If voluntary compliance fails, we must have laws
Regulation does not sit easily with Hong Kong's free-market principles. Buyer beware and voluntary compliance with codes of conduct are preferred. But sometimes we need rules for our own good, as with tough anti-smoking and anti-littering fines - and now household energy-saving laws to protect the environment
From tomorrow, appliance stores will have to display energy-efficiency labels on refrigerators, air conditioners and compact fluorescent lamps, or face fines of up to HK$100,000.
The launching of a mandatory labelling ordinance comes 13 years after the start of an ineffective voluntary scheme covering washing machines and television sets.
Remarkably the switch to compulsion has been almost seamless, even if the appliance sector did have a year's notice. A South China Morning Post survey of 15 outlets operated by three appliance chains found that almost all stocks not only had energy-efficiency labels, but most refrigerators and air conditioners rated one or two at the top of a scale of five. Few labels were to be found, however, on washing machines and television sets.
It is difficult therefore to disagree with environmental activists that legislation worked where market forces failed, or argue with their call for the government to bring more appliances under the law. There is a stronger case now for including television sets than there was with the voluntary scheme 13 years ago.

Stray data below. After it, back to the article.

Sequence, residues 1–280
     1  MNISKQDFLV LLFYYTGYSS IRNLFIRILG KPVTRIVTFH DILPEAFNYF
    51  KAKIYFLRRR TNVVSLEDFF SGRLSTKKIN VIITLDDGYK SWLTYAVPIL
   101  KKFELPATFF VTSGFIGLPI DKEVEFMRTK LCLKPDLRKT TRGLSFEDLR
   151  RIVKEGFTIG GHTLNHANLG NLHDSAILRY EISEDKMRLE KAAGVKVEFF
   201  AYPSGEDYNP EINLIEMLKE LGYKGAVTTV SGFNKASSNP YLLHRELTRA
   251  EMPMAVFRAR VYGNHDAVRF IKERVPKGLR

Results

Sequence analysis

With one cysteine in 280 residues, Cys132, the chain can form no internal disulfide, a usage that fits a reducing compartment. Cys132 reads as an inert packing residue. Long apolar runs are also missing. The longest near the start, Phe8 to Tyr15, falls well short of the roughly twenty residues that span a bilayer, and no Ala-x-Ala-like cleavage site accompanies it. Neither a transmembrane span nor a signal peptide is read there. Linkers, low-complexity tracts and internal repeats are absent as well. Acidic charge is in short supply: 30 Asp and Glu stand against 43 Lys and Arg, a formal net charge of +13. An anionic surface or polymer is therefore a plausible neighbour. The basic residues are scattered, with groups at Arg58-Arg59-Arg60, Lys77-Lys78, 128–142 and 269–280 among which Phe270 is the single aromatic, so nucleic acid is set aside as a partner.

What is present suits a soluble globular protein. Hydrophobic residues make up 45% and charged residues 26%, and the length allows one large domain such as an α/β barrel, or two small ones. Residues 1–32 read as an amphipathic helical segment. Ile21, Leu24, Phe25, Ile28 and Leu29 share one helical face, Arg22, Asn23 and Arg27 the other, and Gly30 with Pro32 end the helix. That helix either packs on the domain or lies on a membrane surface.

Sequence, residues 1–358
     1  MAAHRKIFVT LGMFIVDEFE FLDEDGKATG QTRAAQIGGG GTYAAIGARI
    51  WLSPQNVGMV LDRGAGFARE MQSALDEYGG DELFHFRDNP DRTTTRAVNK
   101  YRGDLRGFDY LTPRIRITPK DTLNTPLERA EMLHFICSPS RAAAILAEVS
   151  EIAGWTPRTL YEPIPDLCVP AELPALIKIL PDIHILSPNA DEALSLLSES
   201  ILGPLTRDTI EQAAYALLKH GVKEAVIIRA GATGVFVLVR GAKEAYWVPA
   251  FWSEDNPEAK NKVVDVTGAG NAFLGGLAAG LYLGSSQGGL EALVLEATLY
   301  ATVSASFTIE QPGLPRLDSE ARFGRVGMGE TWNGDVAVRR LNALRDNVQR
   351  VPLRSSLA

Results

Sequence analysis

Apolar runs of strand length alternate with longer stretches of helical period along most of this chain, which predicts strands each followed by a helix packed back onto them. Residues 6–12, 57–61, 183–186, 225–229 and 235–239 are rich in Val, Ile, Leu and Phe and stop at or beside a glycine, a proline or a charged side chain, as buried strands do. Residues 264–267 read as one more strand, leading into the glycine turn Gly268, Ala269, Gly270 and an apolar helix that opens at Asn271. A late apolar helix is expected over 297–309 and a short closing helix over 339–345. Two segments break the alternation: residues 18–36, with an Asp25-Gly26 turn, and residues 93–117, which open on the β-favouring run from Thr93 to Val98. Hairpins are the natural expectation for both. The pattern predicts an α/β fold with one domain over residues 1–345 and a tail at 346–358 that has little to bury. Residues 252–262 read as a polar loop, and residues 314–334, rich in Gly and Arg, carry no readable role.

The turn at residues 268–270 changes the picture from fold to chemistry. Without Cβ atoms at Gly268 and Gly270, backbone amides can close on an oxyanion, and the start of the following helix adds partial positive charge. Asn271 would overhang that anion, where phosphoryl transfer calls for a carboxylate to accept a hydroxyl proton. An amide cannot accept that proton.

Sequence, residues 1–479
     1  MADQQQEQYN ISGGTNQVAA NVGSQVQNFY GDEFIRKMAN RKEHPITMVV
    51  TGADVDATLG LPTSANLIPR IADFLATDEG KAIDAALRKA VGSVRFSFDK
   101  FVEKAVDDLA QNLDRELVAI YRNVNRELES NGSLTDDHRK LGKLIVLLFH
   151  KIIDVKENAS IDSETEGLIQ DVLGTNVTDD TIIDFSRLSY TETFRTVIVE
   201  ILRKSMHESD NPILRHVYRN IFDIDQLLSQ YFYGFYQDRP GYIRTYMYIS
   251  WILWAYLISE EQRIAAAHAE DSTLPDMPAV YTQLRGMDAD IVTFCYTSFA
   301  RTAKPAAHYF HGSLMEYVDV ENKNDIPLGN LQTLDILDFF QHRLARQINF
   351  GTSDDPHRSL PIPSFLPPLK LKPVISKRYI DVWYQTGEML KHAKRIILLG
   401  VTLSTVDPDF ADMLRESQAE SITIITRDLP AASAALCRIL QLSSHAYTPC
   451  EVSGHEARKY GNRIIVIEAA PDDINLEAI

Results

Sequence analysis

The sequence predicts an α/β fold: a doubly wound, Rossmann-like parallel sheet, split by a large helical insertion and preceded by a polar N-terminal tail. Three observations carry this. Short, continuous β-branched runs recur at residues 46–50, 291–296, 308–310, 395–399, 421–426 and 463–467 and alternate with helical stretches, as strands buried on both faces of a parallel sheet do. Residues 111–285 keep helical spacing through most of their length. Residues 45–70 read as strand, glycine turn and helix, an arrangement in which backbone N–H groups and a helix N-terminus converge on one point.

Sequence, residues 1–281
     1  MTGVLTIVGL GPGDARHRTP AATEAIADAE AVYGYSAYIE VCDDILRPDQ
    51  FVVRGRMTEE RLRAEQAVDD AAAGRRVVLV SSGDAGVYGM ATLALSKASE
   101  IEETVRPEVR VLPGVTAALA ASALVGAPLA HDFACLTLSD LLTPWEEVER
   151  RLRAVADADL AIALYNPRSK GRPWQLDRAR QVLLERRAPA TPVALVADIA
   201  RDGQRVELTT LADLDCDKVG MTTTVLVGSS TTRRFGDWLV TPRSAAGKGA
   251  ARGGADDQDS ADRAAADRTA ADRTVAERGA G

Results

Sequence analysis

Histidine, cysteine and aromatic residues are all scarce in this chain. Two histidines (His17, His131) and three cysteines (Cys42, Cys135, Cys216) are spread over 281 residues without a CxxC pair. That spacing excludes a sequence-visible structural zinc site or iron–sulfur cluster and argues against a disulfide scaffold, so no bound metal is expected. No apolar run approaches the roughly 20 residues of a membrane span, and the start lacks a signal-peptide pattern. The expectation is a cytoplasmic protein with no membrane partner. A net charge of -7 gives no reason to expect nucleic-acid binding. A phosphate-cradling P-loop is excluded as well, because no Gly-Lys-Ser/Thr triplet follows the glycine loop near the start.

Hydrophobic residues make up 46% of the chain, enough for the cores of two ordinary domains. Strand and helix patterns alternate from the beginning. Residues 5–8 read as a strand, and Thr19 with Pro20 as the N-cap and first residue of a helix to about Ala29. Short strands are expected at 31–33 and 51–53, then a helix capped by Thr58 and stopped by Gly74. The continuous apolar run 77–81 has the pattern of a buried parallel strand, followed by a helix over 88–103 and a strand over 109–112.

It may come as a surprise that televisions now add more to Hong Kong's household electricity bills over a year than most other common appliances, except for air conditioners and refrigerators. This is partly because few households need more than one refrigerator, dryer, toaster or rice cooker, while multiple televisions and peripheral products, such as video players and game consoles, are becoming increasingly common.
Energy labelling would not only enable consumers to make better informed choices, but also increase awareness and encourage other good conservation habits, such as turning off televisions and peripheral equipment when they are not being watched or in use.